Remembering Memorial Day

A friend just recounted a story told to him about a battle in Korea. The story is sketchy as I haven’t personally spoken to the guy who lived through it, but I’ll get the full blood and guts facts later. Just the high spots for now. On some obscure hill in Korea a sailor somehow wound up in the middle of a fight and found himself the last survivor of his unit. Don’t ask how a sailor wound up as a survivor in a firefight on a hill. It was dark and the sailor was out of ammo. Maybe he was a corpsman. Maybe a signal corps guy. I don’t know those details, but I do know he was alone. Maybe not a corpsman because he was black and there may have been some lingering silliness about blacks not being capable of fighting…in spite of the fact black troops had shown their strong capability to handle the warrior’s role starting with Breed’s Hill when a black American killed a British colonel. (Killing officers just wasn’t done. Particularly not British officers. Particularly if the killing was done by anyone besides another officer. Particularly if the killing was done by a slave or someone who had been a slave. Somebody just forgot to brief the black militiaman on battlefield etiquette. It happens, particularly if you don’t think someone is smart enough to fight. Why brief them? Right? Stupid. Right?)

Back to the Korea story. The sailor had no ammunition. And maybe he had no rifle issued to him since he “couldn’t fight.” So he improvised and gleaned the hill for weapons and ammo from the corpses of his comrades. It was dark. He moved from one location to another finding rifles and pistols with which to harass the Commies. When he ran out of ammo he would crawl to another spot where he could pick up another weapon and pepper the enemy. When he exhausted that ammo source he crawled somewhere else. This went on for a long time, at least a full night. His actions halted the enemy advance and when the local Marine commander heard someone was still alive on that hill he immediately sent a rescue group to assist and recover the fellow who was still fighting. Hopefully, he was still alive. When the Marines arrived they quickly found the sailor and rushed past him to engage the enemy. But as they passed the sailor, one Marine, who actually stepped over the sailor, who had been wounded several times by then, looked down at the sailor, smiled and said, “Don’t worry. We’ll be back to take care of you. We gotta’ kill the Commies first.” Which they did. Both.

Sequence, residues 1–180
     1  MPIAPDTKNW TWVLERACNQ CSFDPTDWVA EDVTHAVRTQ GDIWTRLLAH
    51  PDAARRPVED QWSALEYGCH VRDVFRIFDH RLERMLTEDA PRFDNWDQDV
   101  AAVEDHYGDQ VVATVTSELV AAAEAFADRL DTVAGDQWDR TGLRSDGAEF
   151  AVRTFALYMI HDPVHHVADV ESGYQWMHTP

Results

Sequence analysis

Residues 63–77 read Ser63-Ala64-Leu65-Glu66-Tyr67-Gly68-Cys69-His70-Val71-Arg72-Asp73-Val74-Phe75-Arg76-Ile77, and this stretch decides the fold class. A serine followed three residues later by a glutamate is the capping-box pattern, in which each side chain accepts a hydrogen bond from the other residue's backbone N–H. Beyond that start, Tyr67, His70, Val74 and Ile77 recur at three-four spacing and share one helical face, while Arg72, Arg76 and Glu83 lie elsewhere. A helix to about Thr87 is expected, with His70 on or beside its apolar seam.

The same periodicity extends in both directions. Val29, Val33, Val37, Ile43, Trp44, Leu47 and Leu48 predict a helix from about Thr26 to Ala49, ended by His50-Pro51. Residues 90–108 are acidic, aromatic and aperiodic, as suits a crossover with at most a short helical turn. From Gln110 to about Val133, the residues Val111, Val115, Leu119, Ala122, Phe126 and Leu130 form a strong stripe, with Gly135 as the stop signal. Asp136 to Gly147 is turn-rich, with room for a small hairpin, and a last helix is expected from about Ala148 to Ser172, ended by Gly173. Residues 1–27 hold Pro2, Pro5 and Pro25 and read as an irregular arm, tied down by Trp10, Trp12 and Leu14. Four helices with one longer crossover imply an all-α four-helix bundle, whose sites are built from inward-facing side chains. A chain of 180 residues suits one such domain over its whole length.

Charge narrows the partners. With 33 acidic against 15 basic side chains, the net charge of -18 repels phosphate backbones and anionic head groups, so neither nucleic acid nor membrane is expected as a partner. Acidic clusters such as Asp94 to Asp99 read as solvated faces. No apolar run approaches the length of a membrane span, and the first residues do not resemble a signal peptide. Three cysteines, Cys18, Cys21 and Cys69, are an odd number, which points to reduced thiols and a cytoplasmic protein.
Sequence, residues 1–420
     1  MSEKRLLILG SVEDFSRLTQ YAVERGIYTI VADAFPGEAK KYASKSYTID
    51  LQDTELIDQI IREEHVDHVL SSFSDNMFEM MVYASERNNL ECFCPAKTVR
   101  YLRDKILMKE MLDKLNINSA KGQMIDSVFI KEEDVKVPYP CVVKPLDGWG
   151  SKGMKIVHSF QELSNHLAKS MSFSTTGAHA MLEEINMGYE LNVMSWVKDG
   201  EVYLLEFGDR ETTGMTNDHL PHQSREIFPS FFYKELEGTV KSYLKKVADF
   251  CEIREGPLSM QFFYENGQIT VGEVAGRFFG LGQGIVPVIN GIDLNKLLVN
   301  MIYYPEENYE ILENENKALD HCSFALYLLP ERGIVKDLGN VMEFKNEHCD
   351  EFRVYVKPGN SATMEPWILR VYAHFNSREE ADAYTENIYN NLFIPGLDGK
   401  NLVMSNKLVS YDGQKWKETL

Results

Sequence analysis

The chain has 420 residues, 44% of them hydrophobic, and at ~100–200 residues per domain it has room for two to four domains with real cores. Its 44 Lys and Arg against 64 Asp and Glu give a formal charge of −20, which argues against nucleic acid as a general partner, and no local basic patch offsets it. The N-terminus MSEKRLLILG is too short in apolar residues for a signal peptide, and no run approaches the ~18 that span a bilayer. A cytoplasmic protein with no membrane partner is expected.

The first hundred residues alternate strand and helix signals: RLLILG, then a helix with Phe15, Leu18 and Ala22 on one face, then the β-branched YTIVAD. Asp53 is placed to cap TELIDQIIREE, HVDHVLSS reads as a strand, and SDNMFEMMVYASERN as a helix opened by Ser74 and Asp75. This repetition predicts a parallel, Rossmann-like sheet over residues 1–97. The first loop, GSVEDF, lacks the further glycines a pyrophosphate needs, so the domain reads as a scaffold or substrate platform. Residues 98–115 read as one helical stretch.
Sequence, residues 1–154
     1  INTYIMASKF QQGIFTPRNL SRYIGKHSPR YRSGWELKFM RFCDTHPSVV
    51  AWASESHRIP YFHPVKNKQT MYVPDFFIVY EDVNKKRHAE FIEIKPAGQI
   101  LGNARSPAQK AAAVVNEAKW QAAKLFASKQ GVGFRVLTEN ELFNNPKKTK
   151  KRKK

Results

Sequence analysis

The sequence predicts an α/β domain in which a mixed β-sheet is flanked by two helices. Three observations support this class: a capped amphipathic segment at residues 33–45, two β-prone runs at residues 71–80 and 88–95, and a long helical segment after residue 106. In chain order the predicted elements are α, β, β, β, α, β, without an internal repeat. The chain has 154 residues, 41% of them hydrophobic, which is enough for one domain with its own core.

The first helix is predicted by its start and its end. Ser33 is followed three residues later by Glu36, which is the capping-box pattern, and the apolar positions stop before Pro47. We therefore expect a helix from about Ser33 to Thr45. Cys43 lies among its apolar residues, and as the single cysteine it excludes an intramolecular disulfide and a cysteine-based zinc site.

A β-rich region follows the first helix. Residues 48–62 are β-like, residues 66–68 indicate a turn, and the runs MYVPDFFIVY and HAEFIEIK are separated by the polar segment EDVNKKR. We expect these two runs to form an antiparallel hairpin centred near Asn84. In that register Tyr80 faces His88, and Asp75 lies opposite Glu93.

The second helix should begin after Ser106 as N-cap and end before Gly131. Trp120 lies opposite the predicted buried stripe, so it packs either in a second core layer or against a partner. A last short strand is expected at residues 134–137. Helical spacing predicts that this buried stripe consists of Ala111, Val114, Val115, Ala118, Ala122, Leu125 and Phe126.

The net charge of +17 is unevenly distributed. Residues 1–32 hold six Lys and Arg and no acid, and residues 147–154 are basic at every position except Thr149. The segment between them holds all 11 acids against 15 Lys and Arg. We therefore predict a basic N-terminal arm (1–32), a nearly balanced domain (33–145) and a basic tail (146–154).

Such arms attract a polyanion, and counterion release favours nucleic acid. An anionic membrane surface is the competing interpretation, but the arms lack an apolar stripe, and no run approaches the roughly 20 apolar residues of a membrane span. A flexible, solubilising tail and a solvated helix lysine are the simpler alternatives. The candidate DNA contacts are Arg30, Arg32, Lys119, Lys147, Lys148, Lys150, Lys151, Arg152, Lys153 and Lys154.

The sailor had moved from one position to another all night and when he began firing from a new position the Commies would focus their fire on him and he would have to roll or crawl somewhere else. But he caught a lot of lead as a result. The Commies kept their heads down instead of rushing the sailor. They apparently had no idea there was only one (live) American on that hill. The sailor was awarded the Medal of Honor for his actions. The Medal of Honor does not care about the color of the neck from which it is suspended.

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Of course, my favorite veteran was an Army tank commander from Indiana. But I honor all veterans. Thanks for Freedom.


The views expressed in this opinion article are solely those of their author and are not necessarily either shared or endorsed by

About the author

Stephen Bowers

Stephen Bowers

I am an attorney in Las Vegas who has always wanted to draw political cartoons, partly because I like drawing, but mostly because I enjoy ridiculing pompous know-nothings. Verbally debating them gets nowhere. They don't know they're beaten. But poking fun at them in a drawing leaves them without recourse or rebuttal. What can they do...? Call me names, whine, cuss me ... or maybe draw a witty riposte? Unlikely.
Steve Bowers, Esq.

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